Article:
May 20th, 2007

fle

e-mail, particularly in Icelandic...

In German we use the word "e-mail" (or "email") to mean email, like in English. In English we obviously use "e-mail," too.

I know I've seen "e-mail" and "email" in Spanish as well, even though I don't have very good Spanish, it's just from growing up in the US that I've noticed this.

But I recently learned that in French it's "courriel."

So I went down Wikipedia's page about email and saw a lot of languages simply use the English word "email" or "e-mail."

My question is for those people who speak languages that don't use the word...what does the word mean? Does it mean "electronic mail?"

I gather that the Icelandic word is Tölvupóstur? What does that actually mean? Does it have a meaning other than email?
  • Current Music
    The Cranberries, Pretty
CertaldoGarden

Bravi, bravo, bravissimi, bravissimo!

My Italian knowledge stops with musical terms and The Phantom of the Opera. Your help I do implore.

I'm congratulating a theatre company on an excellent show last night. I'd like a one-word ending to my praise. Can I use "Bravi!" "Bravo!" "Bravissimi" or "Bravissimo!" as a solo interjection at the end? Which would be most appropriate? I'm guessing the last two have greater emphasis than the first. Out of those pairs, is there one that is best to for a group of people?

Graci!
  • Current Music
    "Too Much Love Will Kill You" -Queen
  • foutu

french french french

1. bescherelles. ugh. i bought a larousse conjugation guide and it's the exact same thing. i'd like a similarly inexpensive and pocket-sized grammar guide, though... suggestions?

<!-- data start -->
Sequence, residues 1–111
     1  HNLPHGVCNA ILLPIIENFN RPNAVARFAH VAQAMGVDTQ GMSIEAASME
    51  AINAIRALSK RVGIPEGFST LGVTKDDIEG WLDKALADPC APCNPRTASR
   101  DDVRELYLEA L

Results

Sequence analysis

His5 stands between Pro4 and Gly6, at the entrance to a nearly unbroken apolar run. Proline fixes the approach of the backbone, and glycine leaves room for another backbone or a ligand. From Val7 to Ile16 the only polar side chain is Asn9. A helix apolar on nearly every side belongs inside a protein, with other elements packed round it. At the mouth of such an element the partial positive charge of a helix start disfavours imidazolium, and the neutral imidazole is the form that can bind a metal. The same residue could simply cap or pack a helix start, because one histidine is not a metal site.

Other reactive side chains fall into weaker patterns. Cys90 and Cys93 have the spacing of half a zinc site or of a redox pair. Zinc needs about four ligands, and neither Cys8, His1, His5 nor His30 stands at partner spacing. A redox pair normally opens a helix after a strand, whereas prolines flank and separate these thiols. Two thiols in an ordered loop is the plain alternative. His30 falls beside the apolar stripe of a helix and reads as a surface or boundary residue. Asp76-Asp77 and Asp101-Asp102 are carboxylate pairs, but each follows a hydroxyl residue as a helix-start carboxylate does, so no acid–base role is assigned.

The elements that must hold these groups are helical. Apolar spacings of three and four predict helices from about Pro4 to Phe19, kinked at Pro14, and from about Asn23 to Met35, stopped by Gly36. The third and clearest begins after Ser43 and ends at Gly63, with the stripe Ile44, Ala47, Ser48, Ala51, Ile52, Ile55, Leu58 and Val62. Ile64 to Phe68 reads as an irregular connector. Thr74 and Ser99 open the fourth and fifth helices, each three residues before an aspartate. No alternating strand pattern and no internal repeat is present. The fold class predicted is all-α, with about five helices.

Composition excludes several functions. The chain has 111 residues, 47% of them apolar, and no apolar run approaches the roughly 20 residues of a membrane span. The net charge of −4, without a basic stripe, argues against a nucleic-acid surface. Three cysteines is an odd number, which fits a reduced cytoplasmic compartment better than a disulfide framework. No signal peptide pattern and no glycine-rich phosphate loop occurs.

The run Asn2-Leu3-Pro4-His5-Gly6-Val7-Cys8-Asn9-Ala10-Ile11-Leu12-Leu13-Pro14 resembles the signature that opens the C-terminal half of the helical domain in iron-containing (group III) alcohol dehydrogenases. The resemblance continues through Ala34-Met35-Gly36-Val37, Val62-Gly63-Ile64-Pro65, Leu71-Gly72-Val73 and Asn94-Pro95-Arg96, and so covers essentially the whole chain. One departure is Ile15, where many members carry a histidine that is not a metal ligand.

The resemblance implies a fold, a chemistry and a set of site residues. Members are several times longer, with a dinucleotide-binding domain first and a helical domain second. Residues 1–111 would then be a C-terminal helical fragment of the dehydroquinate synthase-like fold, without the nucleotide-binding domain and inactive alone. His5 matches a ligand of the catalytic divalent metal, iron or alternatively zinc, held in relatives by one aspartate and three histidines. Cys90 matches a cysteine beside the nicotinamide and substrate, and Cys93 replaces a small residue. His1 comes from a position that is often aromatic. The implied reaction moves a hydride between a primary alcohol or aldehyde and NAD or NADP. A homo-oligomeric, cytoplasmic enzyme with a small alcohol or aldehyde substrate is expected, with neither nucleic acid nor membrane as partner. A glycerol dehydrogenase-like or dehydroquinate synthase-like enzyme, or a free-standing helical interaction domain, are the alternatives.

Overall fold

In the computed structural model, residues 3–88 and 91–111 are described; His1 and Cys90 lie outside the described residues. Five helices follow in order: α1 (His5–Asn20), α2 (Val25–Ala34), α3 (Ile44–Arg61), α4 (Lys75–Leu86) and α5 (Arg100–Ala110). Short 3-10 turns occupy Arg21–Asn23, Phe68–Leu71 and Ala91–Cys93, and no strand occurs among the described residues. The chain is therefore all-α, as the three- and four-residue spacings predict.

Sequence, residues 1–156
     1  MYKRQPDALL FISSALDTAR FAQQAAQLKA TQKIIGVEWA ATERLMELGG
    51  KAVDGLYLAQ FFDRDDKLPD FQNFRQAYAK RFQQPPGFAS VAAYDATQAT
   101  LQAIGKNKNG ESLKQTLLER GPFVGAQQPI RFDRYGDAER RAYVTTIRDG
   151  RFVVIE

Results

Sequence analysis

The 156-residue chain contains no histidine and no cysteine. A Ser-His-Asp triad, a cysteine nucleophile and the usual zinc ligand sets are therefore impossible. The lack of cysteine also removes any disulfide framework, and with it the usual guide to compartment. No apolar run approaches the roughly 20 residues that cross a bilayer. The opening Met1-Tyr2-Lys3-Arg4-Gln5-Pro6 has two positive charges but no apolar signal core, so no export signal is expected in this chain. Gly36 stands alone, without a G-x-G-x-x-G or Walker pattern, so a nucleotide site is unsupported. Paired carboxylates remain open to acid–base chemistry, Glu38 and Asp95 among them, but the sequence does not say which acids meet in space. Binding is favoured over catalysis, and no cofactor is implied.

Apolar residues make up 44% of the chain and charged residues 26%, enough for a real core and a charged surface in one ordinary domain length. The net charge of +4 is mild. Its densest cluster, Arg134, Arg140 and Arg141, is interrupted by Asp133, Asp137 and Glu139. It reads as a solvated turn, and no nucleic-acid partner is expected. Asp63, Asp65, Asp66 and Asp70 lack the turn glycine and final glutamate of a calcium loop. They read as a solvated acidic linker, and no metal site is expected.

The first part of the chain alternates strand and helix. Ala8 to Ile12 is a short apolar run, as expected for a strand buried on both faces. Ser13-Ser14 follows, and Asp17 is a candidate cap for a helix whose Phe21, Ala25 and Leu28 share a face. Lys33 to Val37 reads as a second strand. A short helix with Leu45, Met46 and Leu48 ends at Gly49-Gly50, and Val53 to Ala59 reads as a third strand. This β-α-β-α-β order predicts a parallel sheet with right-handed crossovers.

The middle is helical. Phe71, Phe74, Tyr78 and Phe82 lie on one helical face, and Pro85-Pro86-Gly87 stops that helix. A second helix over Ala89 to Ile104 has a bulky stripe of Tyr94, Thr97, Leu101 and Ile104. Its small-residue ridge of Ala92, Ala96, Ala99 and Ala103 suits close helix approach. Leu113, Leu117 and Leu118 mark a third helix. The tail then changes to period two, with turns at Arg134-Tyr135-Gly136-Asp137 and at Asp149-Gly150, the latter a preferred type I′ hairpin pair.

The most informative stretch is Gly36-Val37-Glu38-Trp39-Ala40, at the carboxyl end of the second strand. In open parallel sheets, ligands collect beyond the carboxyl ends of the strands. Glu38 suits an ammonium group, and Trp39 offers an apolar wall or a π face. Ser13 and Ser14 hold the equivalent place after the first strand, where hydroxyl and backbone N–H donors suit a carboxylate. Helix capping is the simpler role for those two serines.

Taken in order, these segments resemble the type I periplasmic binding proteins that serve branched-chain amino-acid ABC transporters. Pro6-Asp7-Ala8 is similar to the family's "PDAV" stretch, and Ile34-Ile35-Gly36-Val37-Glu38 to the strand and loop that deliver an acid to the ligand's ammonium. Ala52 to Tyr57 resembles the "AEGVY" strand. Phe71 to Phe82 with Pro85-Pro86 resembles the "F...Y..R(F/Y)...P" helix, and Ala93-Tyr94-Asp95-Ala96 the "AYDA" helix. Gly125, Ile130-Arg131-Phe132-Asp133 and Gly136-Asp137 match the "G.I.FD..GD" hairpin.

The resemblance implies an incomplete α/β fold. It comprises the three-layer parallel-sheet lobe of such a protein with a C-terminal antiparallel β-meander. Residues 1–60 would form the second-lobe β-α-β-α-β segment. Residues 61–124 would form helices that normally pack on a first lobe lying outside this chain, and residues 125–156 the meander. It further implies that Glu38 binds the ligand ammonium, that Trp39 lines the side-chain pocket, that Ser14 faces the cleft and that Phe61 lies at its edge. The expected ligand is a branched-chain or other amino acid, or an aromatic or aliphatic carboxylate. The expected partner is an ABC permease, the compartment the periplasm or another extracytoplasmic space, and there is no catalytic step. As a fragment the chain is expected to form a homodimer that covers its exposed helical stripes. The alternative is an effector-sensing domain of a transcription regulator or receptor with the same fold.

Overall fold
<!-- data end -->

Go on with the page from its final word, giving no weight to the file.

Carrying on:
2. are the following phrases used in european french?
- comment (as-tu dit)?
- moucher le nez
- un nez qui culle
- bonjour instead of bonjournée/salut
- c'est corre*C*
- c'est pas grave
- pis instead of et
- écouter la télé
Home

Talk like a.. pirate?

Ok this might seem like a joke but I've been wondering this for a while now. Especially as the premiere of Pirates of the Caribbean 3 approaches *grin* Do any of the languages you know have a pirate vocabulary? I mean in English I imagine it has been augmented by films and recent popular coinages - like "walk the plank"! But many cultures have had long shipping/pirate histories. I realise most languages will have naval words, but what about more slangy or crass piratey words? My Argentine boyfriend claims he knows nothing about a Spanish equivalent but I find this difficult to believe?

So do any traditional pirate type phrases exist in your languages?? Especially amusing ones?? :)

(Btw I found this page with MP3s of Mandarin, German and Swedish down the bottom, and this German page tho I don't know any of these languages well enough to judge how they translate)